Optimizely will tell you whether or not a variation is outperforming (or underperforming) the baseline at some level of confidence. The range between the original and the variation are known as difference intervals. You can think of this as your “margin of error.”

It will also tell you how long you have to wait (approximately) to see statistical significance:

most common questions

In some cases, you may actually see significant numbers of improvement, but no statistical significance yet – like this:


This happens when the sample size is still not large enough to be able to make a decision with confidence. In this case, Optimizely needs at least 300 visitors to be exposed to a variation in order to be able to calculate its confidence in winning or losing. As of the time this screenshot was taken, only 155 visitors had been exposed to any variation, which is not enough to be able to accurately predict a winner.

Keep in mind that adjusting your statistical significance slider will immediately affect your current experiments, in that either more time/traffic would be needed to gauge an accurate winner/loser, or changes in the difference interval would affect Optimizely’s ability to clearly predict it.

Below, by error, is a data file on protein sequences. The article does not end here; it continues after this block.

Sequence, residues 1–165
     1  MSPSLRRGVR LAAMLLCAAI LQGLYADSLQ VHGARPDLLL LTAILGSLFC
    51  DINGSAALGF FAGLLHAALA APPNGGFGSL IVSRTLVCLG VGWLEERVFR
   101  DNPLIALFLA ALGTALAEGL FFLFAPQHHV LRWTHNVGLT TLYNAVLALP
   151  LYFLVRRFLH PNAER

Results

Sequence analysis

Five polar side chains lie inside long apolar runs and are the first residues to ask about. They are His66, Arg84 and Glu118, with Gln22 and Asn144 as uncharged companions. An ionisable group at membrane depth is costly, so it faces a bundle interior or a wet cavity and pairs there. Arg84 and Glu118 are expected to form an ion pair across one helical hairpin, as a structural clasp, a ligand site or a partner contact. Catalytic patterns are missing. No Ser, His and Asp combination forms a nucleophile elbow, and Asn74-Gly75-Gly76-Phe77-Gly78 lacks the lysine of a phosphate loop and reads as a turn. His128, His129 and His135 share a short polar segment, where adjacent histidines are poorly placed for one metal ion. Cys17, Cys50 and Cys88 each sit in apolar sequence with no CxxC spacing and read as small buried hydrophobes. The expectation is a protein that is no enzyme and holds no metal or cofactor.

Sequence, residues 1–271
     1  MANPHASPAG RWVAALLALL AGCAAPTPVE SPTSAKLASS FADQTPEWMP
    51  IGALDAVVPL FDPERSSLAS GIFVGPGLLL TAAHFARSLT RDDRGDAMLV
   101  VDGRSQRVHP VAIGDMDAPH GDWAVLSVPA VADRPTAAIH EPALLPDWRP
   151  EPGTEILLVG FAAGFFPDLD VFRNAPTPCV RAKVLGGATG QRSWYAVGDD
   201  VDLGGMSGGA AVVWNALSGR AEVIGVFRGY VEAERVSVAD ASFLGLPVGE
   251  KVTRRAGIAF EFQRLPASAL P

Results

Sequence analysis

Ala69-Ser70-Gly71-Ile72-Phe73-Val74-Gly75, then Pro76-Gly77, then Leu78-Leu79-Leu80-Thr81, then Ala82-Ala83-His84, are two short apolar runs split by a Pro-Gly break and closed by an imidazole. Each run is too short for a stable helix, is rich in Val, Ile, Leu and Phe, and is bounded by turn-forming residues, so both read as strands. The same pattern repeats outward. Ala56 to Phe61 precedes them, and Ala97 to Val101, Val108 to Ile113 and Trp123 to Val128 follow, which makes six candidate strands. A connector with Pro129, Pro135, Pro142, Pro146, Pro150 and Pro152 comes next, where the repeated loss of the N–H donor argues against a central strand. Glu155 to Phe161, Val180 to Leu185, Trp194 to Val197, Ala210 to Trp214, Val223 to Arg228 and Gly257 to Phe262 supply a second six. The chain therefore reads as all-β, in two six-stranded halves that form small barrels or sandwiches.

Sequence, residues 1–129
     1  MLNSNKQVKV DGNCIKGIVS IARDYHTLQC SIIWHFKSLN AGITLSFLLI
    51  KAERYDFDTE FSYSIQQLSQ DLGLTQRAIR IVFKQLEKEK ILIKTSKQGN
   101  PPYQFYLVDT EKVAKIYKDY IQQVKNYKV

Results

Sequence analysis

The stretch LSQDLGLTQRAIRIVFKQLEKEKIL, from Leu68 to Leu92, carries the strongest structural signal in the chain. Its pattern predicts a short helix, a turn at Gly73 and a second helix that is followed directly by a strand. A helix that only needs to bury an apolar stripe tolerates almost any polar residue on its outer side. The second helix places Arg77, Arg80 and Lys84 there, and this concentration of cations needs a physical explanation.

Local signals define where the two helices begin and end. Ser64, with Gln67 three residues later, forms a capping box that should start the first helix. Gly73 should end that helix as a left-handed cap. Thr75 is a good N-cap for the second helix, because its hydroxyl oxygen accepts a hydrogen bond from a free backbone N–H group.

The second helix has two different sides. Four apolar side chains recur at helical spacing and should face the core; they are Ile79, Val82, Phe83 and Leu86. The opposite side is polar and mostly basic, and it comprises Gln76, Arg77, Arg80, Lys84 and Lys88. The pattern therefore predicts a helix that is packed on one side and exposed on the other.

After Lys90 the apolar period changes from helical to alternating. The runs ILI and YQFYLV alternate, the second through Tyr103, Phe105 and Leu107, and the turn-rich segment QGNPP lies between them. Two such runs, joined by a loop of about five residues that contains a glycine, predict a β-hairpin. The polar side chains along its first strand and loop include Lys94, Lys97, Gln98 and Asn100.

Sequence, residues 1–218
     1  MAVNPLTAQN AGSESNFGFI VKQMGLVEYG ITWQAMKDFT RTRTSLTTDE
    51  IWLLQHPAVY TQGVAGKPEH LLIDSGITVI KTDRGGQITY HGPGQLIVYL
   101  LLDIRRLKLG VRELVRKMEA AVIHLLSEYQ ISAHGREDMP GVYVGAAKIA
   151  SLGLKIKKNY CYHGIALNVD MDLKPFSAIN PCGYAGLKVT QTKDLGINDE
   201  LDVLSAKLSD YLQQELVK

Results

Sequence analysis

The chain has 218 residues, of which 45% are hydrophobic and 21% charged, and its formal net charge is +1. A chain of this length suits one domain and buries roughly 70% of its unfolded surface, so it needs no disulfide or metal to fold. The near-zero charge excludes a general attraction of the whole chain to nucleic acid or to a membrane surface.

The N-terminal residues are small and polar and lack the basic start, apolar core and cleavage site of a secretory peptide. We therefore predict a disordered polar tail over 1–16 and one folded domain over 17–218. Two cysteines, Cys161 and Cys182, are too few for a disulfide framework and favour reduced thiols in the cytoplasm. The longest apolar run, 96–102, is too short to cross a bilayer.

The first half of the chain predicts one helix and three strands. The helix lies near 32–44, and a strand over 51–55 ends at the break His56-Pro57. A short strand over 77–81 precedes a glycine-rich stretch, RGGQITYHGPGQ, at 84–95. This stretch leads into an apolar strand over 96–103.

Be sure to read these articles that go over sample size, pollution and statistical significance:

Advanced Features

There are some features in Optimizely that go well beyond the aim of this guide in providing a basic primer on getting started, setting up tests and tracking conversions.  Below you’ll find links to various articles on Optimizely’s Optiverse which includes more information on working with mobile, as well as integrating third party products. Many of these tasks will require a developer who is knowledgeable in JavaScript and/or jQuery.

Working With Mobile